“He (didn’t) really show a lot of his emotions,” said Casperson. “Even it was a struggle to get him to go to therapy, but I’m like, ‘Dude. You’ve got to talk to someone.'”
Sam was a student at Blaine High School. Last January, whatever troubled him became too much for him to bear, and he took his own life.
Six weeks later, in February 2020, his girlfriend, Ashlyn Lee, a 16-year-old Spring Lake Park High School student, also took her own life.
Now her mother joins Casperson in having become an advocate and sounding board for those who are dealing with depression.
“Parents are scared,” said Ashlyn’s mother, Shannon. “Kids are nervous, and, somehow, we now have become the experts.”
The women say the continually receive social media messages from those who want to know how they can help their loved ones–or themselves–deal with depression that COVID-19 and isolation have only deepened. They also shared the frustration of teenagers and parents that schools may not be doing enough to help.
“They want more. They feel like they need more,” said Lee.
“We’re trying to figure it out as well,” said Casperson. “But it’s a matter of not even having the resources for what we need to do.”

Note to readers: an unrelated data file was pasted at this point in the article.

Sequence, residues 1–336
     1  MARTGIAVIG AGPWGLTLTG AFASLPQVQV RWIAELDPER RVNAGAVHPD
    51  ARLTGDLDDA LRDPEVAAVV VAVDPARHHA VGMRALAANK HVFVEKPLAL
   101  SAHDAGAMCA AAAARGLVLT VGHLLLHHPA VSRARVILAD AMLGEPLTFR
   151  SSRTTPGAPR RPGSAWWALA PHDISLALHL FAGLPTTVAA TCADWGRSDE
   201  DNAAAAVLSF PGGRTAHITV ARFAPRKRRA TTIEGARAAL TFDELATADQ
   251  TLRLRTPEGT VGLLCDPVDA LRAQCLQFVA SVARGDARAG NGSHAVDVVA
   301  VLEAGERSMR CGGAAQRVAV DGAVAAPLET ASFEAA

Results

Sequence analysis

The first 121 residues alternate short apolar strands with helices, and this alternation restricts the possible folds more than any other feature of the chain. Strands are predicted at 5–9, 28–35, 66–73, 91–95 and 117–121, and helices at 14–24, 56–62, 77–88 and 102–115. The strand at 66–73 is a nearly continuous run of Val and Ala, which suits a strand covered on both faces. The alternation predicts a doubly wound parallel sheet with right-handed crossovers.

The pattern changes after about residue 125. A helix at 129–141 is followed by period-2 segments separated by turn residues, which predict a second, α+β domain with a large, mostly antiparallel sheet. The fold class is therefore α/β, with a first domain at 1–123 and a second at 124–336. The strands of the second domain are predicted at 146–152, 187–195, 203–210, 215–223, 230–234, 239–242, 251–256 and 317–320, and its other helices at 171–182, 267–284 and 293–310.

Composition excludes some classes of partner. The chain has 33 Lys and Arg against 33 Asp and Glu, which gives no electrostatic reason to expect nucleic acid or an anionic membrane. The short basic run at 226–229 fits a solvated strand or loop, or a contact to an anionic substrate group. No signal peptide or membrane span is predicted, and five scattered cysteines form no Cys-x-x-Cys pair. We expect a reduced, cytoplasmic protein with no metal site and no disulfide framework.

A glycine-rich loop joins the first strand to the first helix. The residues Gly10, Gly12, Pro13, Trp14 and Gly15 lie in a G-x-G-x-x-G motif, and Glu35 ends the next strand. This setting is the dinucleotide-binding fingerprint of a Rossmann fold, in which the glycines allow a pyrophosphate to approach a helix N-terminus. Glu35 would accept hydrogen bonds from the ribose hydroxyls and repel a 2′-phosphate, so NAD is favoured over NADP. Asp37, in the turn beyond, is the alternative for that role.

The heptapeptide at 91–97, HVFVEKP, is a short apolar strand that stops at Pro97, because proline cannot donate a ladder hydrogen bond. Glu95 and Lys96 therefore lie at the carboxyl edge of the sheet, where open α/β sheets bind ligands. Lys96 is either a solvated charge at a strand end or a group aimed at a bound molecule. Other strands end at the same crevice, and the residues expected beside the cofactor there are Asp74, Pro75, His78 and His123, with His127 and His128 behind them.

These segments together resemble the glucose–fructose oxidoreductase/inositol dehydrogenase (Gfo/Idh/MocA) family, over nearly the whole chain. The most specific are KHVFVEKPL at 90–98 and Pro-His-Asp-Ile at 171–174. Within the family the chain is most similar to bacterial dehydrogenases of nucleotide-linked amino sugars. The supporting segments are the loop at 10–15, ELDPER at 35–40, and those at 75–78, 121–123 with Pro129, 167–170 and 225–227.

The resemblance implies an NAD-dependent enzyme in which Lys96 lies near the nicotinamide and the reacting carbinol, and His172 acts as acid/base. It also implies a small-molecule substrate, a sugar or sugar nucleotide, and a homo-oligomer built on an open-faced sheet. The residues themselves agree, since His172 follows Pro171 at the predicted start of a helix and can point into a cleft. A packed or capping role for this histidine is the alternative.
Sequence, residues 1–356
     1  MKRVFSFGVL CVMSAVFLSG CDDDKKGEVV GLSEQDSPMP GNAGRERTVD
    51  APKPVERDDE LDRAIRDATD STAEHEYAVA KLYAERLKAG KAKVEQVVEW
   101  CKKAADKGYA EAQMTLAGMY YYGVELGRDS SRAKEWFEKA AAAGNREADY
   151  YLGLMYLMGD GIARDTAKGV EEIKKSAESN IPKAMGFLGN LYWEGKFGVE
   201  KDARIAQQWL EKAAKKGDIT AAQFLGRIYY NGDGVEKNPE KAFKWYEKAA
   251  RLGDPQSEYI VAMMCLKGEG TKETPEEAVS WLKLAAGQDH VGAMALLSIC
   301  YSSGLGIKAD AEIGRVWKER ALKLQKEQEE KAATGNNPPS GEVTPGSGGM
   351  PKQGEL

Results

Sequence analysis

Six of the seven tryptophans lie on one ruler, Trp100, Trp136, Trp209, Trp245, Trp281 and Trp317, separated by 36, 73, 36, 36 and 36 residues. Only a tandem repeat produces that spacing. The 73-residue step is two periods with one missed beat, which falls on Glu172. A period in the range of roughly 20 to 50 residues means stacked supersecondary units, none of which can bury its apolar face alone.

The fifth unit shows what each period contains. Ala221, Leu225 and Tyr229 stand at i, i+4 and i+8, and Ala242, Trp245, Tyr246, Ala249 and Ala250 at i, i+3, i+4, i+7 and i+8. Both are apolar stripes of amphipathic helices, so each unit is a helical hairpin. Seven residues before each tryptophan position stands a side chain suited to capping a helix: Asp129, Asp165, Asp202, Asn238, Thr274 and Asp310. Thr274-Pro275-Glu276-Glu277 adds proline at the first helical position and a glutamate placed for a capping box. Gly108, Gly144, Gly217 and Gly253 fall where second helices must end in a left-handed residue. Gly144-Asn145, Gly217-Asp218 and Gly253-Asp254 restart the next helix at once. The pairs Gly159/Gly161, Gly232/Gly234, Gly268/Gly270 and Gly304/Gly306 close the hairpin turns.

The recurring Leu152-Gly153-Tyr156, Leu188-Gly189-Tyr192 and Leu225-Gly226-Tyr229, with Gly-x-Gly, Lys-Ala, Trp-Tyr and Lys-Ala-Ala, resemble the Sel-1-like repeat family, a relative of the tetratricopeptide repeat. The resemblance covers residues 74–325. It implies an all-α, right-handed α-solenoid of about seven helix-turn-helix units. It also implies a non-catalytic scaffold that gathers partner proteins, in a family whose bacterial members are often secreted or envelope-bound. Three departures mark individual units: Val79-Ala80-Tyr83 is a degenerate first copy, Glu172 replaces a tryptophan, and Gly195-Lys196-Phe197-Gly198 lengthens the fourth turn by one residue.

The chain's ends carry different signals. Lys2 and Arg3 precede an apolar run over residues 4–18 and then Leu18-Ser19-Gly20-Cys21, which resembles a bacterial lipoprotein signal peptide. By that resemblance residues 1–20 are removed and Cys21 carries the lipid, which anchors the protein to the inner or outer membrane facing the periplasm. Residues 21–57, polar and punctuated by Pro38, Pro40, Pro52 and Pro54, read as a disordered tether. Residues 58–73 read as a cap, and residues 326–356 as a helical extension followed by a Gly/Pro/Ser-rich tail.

State lawmakers can relate, as the budget talks re-ignite in St. Paul ahead of the new legislative session. Lee said she contacted Sen. Roger Chamberlain of Lino Lakes to talk about legislation he’s introduced to help address anti-bullying prevention needs and ways the schools can be more pro-active to try to stem the tide of suicides that has taken over Anoka County.
“While we recognize it’s not the school’s job to be mental health counselors for (teenagers), we have some ideas, maybe, and we’ve begun to reach out again to see what we can do with those things and act upon those things,” said Lee.
She said Sen. Chamberlain has asked both of them to speak at the State Capitol once it’s safe to allow visitors inside again.